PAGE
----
And yes, the boys saw the St. Louis Arch glistening in the setting sun in Missouri.

Already they’ve stayed at least a week in each Alaska, Washington, Colorado, Mississippi, New York, North Carolina, South Carolina, Georgia, Tennessee, Virginia, Illinois, Indiana, Ohio, Pennsylvania, and Puerto Rico, and D ‘Skiy has been to New Mexico, although he was only one year old at the time and doesn’t remember it except for the pictures.

(And then there’s our home state of Florida, of course.)

The boys have camped in the sweltering heat of the Florida Keys and the snow-covered hills of Maggie Valley, North Carolina.

They have been on steam engine and diesel engine trains, climbed many rock walls, rode on wave runners, took on several ropes courses, snorkeled crystal-clear waters, canoed and kayaked, fished in both salt and fresh water, walked dozens upon dozens of trails, and splashed in freezing mountain streams.

They’ve been to many gardens, zoos, museums, science centers, historical landmarks, and amusement parks throughout the country and the Caribbean.

The beauty of it is that they’re still so young, and they still get so excited whenever we go someplace new, enter a state we’ve never been to before, and pack for any adventure, whether we’ve done it ten times or this is the first.

That’s part of the beauty of homeschooling. The world is their classroom and everything is an open book.

And it never gets old when they can point to something on TV or in a book and say, “I’ve been there.”

Nearing the End of a Journey

We’re now Florida-bound, wrapping up our 12-week adventure. For the most part, the map above was our route. There may have been unexpected changes, such as moving across the state of Georgia due to Hurricane Matthew and flying to Alaska out of Kansas City instead of Denver, but the main idea is there…and a picture speaks a thousand words.

In that short time period we camped in 12 campgrounds in 9 different states, drove through 20 states (not including our home state of Florida), flew to and stayed a week in each Washington state and Alaska, and created countless new memories with our sons.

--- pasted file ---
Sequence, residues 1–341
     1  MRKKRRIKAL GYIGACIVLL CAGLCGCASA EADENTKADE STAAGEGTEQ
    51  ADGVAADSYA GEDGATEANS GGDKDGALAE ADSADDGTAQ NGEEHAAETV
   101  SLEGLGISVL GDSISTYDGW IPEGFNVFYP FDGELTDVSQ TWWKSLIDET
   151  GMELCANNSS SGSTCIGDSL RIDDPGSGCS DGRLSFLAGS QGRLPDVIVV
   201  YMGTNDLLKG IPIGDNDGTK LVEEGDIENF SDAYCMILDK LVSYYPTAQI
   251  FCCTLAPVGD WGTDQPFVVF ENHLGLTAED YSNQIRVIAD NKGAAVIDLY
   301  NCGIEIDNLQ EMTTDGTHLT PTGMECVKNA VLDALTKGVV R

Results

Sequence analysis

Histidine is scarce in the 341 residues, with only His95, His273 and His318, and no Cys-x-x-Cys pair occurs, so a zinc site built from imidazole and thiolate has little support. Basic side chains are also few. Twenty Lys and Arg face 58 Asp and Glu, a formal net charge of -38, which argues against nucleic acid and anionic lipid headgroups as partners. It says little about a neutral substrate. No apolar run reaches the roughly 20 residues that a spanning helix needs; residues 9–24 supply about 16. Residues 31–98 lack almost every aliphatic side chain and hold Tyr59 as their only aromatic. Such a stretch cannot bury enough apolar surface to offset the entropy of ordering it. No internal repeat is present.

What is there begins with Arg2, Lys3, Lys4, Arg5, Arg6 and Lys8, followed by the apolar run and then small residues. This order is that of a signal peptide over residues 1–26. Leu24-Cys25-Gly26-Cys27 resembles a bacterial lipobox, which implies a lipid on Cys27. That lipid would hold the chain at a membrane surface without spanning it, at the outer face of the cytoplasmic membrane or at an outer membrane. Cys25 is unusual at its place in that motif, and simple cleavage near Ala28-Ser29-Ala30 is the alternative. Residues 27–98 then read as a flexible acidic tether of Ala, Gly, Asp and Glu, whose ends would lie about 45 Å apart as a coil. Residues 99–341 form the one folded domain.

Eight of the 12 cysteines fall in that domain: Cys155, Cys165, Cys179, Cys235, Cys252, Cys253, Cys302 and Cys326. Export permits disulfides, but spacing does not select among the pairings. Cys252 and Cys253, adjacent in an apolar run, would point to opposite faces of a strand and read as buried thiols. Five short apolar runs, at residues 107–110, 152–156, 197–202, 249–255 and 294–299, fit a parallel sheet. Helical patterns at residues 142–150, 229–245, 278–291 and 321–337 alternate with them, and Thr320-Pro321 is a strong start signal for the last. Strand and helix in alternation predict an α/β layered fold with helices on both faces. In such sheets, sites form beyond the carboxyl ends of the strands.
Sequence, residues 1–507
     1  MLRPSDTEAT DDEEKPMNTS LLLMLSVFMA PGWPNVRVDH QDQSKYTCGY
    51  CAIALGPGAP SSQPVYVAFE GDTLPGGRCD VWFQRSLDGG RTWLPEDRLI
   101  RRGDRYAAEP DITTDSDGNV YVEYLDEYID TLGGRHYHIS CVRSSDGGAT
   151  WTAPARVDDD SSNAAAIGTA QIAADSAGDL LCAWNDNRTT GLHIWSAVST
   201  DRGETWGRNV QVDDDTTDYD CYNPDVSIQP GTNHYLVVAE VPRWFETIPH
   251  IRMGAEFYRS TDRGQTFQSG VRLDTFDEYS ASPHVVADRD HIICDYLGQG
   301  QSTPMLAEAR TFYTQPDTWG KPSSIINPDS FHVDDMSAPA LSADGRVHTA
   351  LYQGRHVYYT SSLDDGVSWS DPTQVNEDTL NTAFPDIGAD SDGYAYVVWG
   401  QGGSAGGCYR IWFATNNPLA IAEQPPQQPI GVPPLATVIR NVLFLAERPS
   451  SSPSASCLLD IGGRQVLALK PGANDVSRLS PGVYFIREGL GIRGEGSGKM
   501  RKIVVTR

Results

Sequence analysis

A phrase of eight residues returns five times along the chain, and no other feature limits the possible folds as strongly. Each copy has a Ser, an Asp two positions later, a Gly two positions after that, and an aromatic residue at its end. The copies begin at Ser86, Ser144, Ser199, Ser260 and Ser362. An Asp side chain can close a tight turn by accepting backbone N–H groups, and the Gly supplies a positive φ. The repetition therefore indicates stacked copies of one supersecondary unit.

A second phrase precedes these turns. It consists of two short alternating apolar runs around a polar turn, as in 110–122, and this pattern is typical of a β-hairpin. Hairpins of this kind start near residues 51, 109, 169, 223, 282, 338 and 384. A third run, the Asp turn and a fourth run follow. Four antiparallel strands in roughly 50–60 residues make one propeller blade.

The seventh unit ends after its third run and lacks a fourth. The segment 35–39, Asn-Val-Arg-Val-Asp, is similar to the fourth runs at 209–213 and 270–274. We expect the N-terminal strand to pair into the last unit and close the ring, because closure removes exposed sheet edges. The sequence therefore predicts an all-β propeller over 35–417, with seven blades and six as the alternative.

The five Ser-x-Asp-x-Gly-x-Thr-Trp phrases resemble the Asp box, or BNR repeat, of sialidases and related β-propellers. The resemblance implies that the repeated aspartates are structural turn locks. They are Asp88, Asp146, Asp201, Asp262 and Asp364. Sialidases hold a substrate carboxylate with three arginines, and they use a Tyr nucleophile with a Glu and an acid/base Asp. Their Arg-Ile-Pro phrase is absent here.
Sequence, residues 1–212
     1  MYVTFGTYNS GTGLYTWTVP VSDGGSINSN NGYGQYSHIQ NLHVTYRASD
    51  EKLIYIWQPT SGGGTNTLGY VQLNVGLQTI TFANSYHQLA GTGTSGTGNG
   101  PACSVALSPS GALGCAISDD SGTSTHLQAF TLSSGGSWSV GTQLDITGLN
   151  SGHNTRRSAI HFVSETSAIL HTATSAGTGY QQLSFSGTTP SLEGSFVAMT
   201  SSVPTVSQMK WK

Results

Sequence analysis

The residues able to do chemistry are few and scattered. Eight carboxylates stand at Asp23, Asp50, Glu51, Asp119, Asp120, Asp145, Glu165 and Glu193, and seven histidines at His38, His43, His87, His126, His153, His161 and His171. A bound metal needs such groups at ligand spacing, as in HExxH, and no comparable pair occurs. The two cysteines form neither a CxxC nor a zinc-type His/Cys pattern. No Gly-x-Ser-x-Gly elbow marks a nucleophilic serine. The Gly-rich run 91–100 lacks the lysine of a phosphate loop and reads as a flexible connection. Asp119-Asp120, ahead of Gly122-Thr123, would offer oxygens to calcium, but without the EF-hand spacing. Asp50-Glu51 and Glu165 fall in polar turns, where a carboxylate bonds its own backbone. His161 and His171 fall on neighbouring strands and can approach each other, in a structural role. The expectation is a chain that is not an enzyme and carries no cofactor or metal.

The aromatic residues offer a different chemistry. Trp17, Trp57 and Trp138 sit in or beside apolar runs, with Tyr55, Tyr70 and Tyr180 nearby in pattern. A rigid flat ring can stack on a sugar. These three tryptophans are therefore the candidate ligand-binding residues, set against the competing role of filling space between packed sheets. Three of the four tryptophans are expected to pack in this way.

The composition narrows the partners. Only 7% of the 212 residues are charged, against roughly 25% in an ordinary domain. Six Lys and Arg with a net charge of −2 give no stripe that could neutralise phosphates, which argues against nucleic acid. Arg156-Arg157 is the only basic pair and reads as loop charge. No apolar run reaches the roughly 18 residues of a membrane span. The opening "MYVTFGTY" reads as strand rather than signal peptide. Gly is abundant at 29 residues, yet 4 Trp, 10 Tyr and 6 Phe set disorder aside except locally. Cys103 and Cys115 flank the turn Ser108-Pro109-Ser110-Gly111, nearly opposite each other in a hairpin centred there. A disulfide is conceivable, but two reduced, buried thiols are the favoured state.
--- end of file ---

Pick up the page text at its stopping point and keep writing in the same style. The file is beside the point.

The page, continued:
We wore bathing suits and shorts in Illinois and Georgia, and we donned multiple layers to protect us from below-freezing temperatures in Alaska and Virginia.

We admired the views from atop the Space Needle, hiked paths within miles from the peak of Mount Rainier, slowed waaaaay down for the horse-drawn Amish carriages in Ohio, rode in a horse-drawn carriage in Indiana, and explored the depths of the Luray Caverns.

We watched families of elk explore a Washington village, two bull moose spar for the affection of a female in Alaska, bald eagles soar the Alaskan sky, and antelop graze in Colorado prairies.

We were in Illinois for Labor Day and Grandparent’s Day, Ohio for Columbus Day, Colorado for Halloween, and Virginia for the history-making presidential election and Veteran’s Day.

We attended a Rennaisance Festival in Wisconsin, went to the theater of a childhood idol of the boys AND Mama ‘Skiy in Washington, partied alongside other goers at an American Red Cross street party in Indiana, and took the boys on an educational tour of Civil War points of interest in Virginia.